X-Message-Number: 13174
From: Daniel Ust <>
Subject: Re: #13162 promoting cryonics
Date: Tue, 1 Feb 2000 10:42:06 -0500 

On Sat, 29 Jan 2000 17:05:49 PST "john grigg"  wrote:
>I do know there was a table set up by Alcor to do promotion at a major
>fiction Con several years ago but interest was not overwhelming.

I'd heard the same several years ago at a NYC meeting.  In another post, I
mention that we need to examine too why these things pass of fail.  We also
need to understand that what doesn't work at one time might work at another
- and this applies to audiences and venues too.  If promotions are not done
in a systematic way and if people expect a "magic bullet" - such as 30 new
people signing up in a week - then failure will most likely result and we
will wind up with the culture of pessimism that infects a lot of small

In this case, which SF Convention was it?  What was the response?  What was
done to promote cryonics there?  A booth?  Pamphlets?  Hawking the wares?:)
How did the [cryonics] people handle themselves?  Was there an "post mortem"
on what happened - or was the low response something just mentioned in
passing and the idea of ever doing this again trashed?

>I think the idea of promoting cryonics on college campuses is a great one.
>Has it been tried?  College students are at a stage in their development.
>where they might be more open to cryonics then any other age group.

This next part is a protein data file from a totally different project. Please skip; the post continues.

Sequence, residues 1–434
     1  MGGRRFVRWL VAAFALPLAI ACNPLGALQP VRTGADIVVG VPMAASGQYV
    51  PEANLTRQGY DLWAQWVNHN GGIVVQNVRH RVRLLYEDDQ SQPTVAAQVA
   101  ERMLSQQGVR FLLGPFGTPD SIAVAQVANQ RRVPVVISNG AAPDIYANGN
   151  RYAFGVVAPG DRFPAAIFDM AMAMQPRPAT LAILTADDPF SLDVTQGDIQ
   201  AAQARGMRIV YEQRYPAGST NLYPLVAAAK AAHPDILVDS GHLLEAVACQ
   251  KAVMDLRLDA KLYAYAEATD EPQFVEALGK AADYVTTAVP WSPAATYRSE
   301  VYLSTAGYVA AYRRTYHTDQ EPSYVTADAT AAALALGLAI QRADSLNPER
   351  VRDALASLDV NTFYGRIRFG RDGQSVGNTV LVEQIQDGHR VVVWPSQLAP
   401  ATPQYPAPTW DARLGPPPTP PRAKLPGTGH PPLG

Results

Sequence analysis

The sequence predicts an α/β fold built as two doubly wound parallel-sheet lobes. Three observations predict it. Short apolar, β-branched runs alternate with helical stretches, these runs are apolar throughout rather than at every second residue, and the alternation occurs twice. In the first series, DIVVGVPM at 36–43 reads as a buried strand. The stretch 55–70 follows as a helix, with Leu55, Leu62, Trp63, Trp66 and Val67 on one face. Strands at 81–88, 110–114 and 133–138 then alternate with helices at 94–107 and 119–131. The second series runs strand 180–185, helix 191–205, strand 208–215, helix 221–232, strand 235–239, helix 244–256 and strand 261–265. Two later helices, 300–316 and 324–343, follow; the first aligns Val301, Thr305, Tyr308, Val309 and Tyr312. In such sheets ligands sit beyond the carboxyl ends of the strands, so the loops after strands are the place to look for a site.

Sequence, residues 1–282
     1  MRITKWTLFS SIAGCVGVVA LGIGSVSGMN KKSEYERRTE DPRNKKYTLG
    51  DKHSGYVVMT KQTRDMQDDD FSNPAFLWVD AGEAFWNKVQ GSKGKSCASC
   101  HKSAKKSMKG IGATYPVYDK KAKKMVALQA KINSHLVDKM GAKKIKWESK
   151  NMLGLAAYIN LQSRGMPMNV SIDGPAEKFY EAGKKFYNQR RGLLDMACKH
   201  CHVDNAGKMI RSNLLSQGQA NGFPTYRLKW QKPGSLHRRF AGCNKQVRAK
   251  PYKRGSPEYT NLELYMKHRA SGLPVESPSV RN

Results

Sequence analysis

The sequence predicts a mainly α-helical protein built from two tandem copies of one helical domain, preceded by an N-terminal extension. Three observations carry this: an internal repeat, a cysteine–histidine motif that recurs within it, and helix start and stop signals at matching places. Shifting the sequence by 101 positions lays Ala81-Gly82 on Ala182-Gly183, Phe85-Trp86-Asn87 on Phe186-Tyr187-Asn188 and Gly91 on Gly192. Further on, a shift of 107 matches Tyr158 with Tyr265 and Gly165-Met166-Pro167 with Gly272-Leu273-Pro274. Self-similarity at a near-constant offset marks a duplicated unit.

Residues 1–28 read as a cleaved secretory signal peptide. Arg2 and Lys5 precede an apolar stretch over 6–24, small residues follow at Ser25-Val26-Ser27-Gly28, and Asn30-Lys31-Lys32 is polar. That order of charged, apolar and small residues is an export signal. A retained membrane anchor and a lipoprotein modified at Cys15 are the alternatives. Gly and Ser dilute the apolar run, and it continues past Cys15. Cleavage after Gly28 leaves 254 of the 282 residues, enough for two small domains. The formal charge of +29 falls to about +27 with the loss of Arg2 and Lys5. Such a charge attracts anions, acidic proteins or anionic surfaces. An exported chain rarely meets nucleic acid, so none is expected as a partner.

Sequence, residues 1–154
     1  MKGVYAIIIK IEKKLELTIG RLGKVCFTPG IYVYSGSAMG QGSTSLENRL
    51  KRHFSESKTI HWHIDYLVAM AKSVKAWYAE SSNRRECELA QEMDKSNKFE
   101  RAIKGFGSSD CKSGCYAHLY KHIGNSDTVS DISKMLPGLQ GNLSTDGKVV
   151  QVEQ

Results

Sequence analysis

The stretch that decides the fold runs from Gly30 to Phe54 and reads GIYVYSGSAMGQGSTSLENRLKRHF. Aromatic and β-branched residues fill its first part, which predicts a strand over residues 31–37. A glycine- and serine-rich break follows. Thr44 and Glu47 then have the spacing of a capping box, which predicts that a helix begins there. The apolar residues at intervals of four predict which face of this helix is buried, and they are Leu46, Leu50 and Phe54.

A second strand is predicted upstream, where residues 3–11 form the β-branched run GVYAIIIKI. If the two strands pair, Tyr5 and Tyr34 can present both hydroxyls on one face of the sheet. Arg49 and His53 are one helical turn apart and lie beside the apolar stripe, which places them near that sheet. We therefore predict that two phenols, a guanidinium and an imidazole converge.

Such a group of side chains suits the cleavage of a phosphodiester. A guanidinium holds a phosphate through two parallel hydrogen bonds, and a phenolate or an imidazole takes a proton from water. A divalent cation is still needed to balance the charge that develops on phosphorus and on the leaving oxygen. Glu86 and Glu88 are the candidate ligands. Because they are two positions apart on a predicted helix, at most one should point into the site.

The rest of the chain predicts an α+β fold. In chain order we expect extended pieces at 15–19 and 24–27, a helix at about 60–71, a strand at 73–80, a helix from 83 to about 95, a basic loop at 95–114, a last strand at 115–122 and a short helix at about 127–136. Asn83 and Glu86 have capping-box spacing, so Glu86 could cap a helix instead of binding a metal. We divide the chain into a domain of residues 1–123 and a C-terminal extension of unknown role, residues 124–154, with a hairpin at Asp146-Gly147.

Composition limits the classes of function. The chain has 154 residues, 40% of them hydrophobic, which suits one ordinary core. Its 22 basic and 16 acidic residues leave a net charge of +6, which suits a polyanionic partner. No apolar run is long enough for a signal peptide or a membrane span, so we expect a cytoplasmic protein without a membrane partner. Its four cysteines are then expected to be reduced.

>Taking cryonics "on the road" by giving lectures at campuses nation-wide
>could be a great method of reaching others for successful promotion.  It
>could "plant seeds" that bear fruit if not right away then years down the

This is the idea!  However, one minor criticism.  I'd say start out by
setting up such things in campuses where it is convenient to cryonics
organizations and such so as to keep costs low.  For instance, the Boston
area not only has lots of colleges but lots of transhumanists and
technology-oriented people.  I think that would be a good area to start - as
opposed to trying to start up a (costly) road show or cover each and every
event that happens anywhere on the planet.

>I realize many people already have heard of cryonics but only a very
>few go all the way to sign up but again, the college demographic is the
>one we should be reaching out to for longterm growth.

I've seen it mentioned that many people - probably just about anyone with a
TV set or who goes to the movies regularly - know about cryonics.  (This
comment is not directed at John, but at what I see as the accepted wisdom
here.)  There's a big difference, however, between having a vague idea of
something and being willing to commit to it.  (I think this is what Thomas
Donaldson is getting at in his previous posts.)  The problem here is that
this should not be viewed as a binary process - that having the population
know a tiny bit about cryonics is enough.  We should not think that people
right now have enough information about cryonics and a few who we can reach
by more intensive methods is enough.  I think that accepting that is
accepting a low and slow growth strategy.

Add to this, that if more people become interested in the idea - at whatever
level of knowledge and commitment - more cryonics organizations might sprout
up.  Different approaches might be tried.  All of this because more minds
usually equals more imagination, more creativity, and more results.

At least, this is my hope.

Daniel Ust

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